Three Substitutions and Five ‘Injuries’ Later.

Given that a large proportion of my last post was centered on the influence of the Ultras and I tifosi within Il Calcio I felt compelled to discuss the events that occurred in Salerno this weekend.

The world of Il Calcio never ceases to amaze and if you thought you’d seen it all, this week may have just thrown you another curve ball. In Turin, Sunday night brought us two outcomes which were in all honesty entirely predictable. One, Juve blew their early season critics out of the water with a 3-0 win over Scudetto rivals Napoli and two, chants of territorial discrimination were there for all to hear – loud and clear. Over to you FIGC.

Yet it was events which transpired on Sunday afternoon which sent shock waves across the Calcio world, and I’m not talking about Domenico Berardi’s 94th minute equaliser which earned Sassuolo yet another unexpected point, this time at table toppers Roma. No the real drama unfolded 167 miles south of Rome in Salerno.

Nocerina make 3 substitutions on the first 2 minutes. (Photo from forzanocerina.it)

Nocerina make 3 substitutions on the first 2 minutes. (Photo from forzanocerina.it)

The match was Salernitana vs. Nocerina, a local derby between two teams in the Lega Pro Prima Divisione, Girone B – the third tier of Italian football. With the game initially delayed by 40 minutes what followed was nothing short of bizarre. After just 20 minutes a mysterious string of events culminated in the referee being left with no choice but to suspend the game. It began with Nocerina using all 3 of their substitutes in the opening 2 minutes followed by 5 Nocerina players ‘limping’ off injured.

I doubt that even a local Sunday league team, who have conceded an average of 6 goals a game (yes there is always one),and who are playing a side they previously lost to 11-0 would go to these lengths to get a game cancelled. So whats the story?

For reasons of public order the local authorities had banned Nocerina fans from attending the game in Salerno. The antipathy between these two sets of fans is such that it was feared the game would become too hard to police. It was a decision that the Ultras of Nocerina could not take lying down. Prior to Sunday’s game approximately 200 Nocerina Ultras turned up at the team training ground  issuing them with death threats if they decided to go ahead and play. To reinforce this message the Nocerina players bus was reportedly attacked en route to the Stadio Arechi. Needless to say the Nocerina players were less than keen to step off the bus, and even less keen to play 90 minutes of football.

Following the game the entire board of Nocerina directors resigned and the players were ordered not to speak to the media. Salernitana coach Carlo Perrone later said “This is a terrible page in the history of football”. He is right, it is another black mark on an already blemished reputation. As scandalous as this episode is, it is not as extraordinary as one might think. Italian Ultras have never been shy of flexing their muscles and exerting their substantial influence, not just on Il Calcio but also on Italian society.

Roma captain Francesco Totti is surrounded by Ultras during the 2004 Rome  derby.

Roma captain Francesco Totti is surrounded by Ultras during the 2004 Rome derby. (Photo from www.postmatch.org)

In 2004 the Rome derby was called off after Roma Ultras entered the pitch and spoke to Roma captain Francesco Totti, demanding the game be abandoned due to rumours circulating that a child had been killed by the police outside the stadium. Three years later, the death of Lazio fan Gabriele Sandri led to widespread rioting by Ultras across the country, to the extent that eternal rivals Lazio and Roma united to attack a police barracks in Rome. Last year a small group of Genoa fans halted their home game against Siena for 45 minutes to voice their displeasure at their teams performance. Suffice it to say what happened in Salerno is not altogether an anomaly.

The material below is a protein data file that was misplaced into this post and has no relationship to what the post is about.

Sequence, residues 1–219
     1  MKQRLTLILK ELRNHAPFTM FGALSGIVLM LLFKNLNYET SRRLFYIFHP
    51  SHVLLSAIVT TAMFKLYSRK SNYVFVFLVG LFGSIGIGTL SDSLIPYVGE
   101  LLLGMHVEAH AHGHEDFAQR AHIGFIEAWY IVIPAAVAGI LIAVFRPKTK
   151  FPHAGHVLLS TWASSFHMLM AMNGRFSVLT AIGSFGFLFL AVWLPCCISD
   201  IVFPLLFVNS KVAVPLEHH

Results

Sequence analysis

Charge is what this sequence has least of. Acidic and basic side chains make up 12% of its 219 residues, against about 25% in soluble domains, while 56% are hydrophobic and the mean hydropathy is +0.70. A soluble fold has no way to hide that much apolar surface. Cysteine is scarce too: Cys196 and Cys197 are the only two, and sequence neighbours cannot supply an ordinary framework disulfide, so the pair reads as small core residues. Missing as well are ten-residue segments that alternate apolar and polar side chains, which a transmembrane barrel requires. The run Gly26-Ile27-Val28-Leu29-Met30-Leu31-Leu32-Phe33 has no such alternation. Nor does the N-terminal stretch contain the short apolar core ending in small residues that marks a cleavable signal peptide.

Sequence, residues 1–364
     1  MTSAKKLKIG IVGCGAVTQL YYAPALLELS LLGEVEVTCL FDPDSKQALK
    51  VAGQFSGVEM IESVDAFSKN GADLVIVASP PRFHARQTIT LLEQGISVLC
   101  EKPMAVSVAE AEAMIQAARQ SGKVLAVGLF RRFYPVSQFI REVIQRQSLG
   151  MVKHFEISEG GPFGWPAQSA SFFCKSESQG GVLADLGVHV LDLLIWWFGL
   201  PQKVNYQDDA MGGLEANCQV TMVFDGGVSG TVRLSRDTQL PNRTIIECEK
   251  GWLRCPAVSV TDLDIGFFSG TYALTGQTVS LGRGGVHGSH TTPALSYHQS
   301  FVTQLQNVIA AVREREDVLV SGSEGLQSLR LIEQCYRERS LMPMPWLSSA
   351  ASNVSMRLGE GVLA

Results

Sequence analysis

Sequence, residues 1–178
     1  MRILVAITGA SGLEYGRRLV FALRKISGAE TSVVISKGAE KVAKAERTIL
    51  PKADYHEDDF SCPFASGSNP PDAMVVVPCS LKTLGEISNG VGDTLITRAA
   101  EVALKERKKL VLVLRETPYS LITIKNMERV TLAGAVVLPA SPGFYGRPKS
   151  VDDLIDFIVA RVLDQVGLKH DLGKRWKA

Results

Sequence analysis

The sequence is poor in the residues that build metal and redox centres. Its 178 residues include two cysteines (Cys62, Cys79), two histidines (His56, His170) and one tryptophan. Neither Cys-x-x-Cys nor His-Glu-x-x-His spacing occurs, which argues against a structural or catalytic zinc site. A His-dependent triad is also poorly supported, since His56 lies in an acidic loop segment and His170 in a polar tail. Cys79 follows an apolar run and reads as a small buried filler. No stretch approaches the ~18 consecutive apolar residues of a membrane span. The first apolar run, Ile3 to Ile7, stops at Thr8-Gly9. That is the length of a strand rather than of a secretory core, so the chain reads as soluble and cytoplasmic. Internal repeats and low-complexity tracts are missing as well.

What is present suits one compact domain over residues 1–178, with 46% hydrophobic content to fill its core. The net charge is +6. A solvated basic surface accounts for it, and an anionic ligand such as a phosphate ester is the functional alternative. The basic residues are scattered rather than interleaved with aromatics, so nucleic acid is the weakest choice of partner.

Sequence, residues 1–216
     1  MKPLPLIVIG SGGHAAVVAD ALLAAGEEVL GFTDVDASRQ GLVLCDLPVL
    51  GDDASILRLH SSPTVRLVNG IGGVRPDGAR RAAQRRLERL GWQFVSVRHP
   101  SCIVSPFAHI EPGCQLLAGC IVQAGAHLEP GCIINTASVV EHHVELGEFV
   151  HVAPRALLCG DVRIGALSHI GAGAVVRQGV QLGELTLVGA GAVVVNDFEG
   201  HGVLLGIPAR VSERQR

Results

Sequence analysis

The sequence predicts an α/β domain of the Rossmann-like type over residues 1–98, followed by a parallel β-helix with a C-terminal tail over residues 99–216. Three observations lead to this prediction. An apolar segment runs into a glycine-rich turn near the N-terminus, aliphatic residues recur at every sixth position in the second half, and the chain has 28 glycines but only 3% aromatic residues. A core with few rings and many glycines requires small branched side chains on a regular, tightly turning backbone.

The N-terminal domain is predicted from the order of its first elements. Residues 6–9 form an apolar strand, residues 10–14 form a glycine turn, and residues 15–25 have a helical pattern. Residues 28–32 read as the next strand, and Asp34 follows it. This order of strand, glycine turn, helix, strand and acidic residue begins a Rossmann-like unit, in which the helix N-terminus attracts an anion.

So without launching into a lengthy missive condemning the Nocerina Ultras (of which plenty has already been written) the point I want to make is this. I have spoken about Il Calcio’s power within Italian society, and its power to unite and divide and I believe Sunday’s incident is another facet of this.

Italian sociologist Franco Ferrarotti has claimed that Italy is a republic based on football. It is a crucial part of identity. Gli AzzurriCatenaccio, Quattro Stelle (four stars, four world cups) and so on. So while the exploits of Paolo Rossi and the images of Marco Tardelli and Fabio Grosso move mountains to unite a country fraught by internal divisions, incidents such as Sunday’s debacle stain the reputation of Il Calcio and in turn damage that sense of Italian identity.

La Gazzetta Dello Sport ran the headline “Una Domenica Bestiale” – A beastly Sunday – while another read Derby Della Vergogna – Derby of Shame. I don’t mean to sound like a broken record but  episodes such as Salerno-Nocerina reveal a dark under belly which further exposes divisions within society. For all that the media and commentators have been united in their condemnation, a small group of people were allowed to make a mockery of a professional football fixture. Its a form of subversion. Once again the phenomenon that is Il Calcio can prove to be as disruptive as it is cohesive!

Below you will find a link to the highlights of Salernitana vs Nocerina (predominantly 3 substitutions & players feigning injuries)

http://www.youtube.com/watch?v=WD7_PZlPn_g#t=222

 

 

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